|By Joseph White and Edward Taylor1/4 |By Joseph White and Edward Taylor
|By Joseph White and Edward Taylor2/4 |By Joseph White and Edward Taylor
|By Joseph White and Edward Taylor3/4 |By Joseph White and Edward Taylor
|By Joseph White and Edward Taylor4/4 |By Joseph White and Edward Taylor
By Joseph White and Edward Taylor
(Reuters) - German luxury auto maker BMW AG <BMWG.DE> said on Friday it will offer all electric versions of its next generation BMW X3 compact sport utility vehicle and electric Mini models, expanding its entries in the emerging electric luxury vehicle market.
BMW confirmed a report earlier Friday by Bloomberg News.
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Reuters reported on Sept. 9 that top BMW executives were skipping Paris auto show events this week to resolve differences over electric vehicle strategy and chart a new electric product offensive, including a possible electric Mini.
The electric Mini is expected to debut in about three years, company officials said.
BMW faces increasing pressure from German rivals Daimler AG <DAIGn.DE> and Volkswagen AG <VOWG_p.DE> as well as Tesla Motors Inc <TSLA.O> of the United States, which have outlined aggressive plans to court affluent buyers - and respond to regulators - with new electric vehicles.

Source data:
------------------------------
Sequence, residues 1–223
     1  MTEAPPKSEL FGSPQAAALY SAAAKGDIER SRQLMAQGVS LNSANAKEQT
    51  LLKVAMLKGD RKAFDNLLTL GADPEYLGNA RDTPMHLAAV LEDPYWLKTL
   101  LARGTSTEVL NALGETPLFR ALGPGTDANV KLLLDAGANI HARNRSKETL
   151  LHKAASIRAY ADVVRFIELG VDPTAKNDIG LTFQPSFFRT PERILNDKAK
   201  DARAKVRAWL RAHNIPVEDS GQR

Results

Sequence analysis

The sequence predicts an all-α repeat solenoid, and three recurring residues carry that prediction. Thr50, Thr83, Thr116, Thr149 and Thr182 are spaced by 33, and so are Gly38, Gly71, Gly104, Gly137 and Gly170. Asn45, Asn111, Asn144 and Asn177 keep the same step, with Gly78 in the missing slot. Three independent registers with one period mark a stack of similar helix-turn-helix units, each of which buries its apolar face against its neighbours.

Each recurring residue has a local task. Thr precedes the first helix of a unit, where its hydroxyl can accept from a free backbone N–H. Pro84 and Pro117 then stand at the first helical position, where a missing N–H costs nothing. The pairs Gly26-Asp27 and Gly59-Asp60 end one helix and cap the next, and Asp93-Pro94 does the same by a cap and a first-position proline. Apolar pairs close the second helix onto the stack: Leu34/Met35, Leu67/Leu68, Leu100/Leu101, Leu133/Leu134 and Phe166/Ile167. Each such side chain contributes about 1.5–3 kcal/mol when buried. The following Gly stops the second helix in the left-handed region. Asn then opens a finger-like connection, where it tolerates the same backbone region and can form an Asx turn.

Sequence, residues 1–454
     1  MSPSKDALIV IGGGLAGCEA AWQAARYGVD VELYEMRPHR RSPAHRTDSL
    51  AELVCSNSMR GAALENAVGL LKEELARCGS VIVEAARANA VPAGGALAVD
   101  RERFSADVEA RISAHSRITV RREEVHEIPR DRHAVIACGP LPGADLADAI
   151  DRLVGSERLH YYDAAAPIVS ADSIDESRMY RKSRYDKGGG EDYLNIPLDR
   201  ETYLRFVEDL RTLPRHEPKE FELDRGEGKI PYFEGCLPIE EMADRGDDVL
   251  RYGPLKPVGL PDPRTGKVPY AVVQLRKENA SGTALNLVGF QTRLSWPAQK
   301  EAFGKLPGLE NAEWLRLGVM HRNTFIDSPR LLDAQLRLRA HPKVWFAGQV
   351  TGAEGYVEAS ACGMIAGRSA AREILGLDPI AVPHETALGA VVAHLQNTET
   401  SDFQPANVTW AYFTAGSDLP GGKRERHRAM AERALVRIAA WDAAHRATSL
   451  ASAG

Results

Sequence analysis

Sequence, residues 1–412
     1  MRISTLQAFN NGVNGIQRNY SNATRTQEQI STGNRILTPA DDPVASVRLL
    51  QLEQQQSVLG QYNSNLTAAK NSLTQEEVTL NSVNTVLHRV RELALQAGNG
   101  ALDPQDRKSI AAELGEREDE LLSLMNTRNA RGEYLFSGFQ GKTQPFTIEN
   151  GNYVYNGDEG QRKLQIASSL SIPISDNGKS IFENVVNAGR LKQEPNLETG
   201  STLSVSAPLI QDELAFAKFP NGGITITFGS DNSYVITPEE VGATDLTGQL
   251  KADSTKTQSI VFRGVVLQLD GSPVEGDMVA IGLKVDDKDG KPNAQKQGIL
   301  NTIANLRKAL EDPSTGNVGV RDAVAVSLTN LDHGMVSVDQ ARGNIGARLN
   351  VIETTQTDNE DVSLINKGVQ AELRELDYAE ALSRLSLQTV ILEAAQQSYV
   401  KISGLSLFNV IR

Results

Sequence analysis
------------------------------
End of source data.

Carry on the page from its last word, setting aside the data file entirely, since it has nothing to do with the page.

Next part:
BMW moved earlier than its German rivals to field innovative electric cars, launching the BMW i3 battery-powered city car in 2013 with a lightweight body made of carbon fiber instead of steel or aluminum. However, the i3 and the plug-in hybrid i8 have been slow sellers.
Meanwhile, Tesla is aiming for sales of 80,000 or more electric sedans and sport utility vehicles this year, and has said that nearly 400,000 would-be buyers have placed reservations for its Model 3 sedan. Tesla Chief Executive Elon Musk has said he is targeting a July 2017 launch for the Model 3.
Daimler and VW used this week's Paris auto show to promote plans to launch new waves of electric vehicles.
Germany's luxury car champions face a convergence of pressure to embrace electric vehicles from regulatory mandates and from Tesla's success at winning affluent consumers to the idea of premium electric vehicles.
In the United States, California and several other states have adopted escalating quotas for sales of electric vehicles. California's goal is that 15 per cent of vehicles sold in the state in 2025 would be battery-powered. Policymakers in China, the world's largest vehicle market, and Europe are also calling for more electric vehicles.
(Reporting by Joe White in Detroit and Edward Taylor in Paris; Editing by Chizu Nomiyama and Matthew Lewis)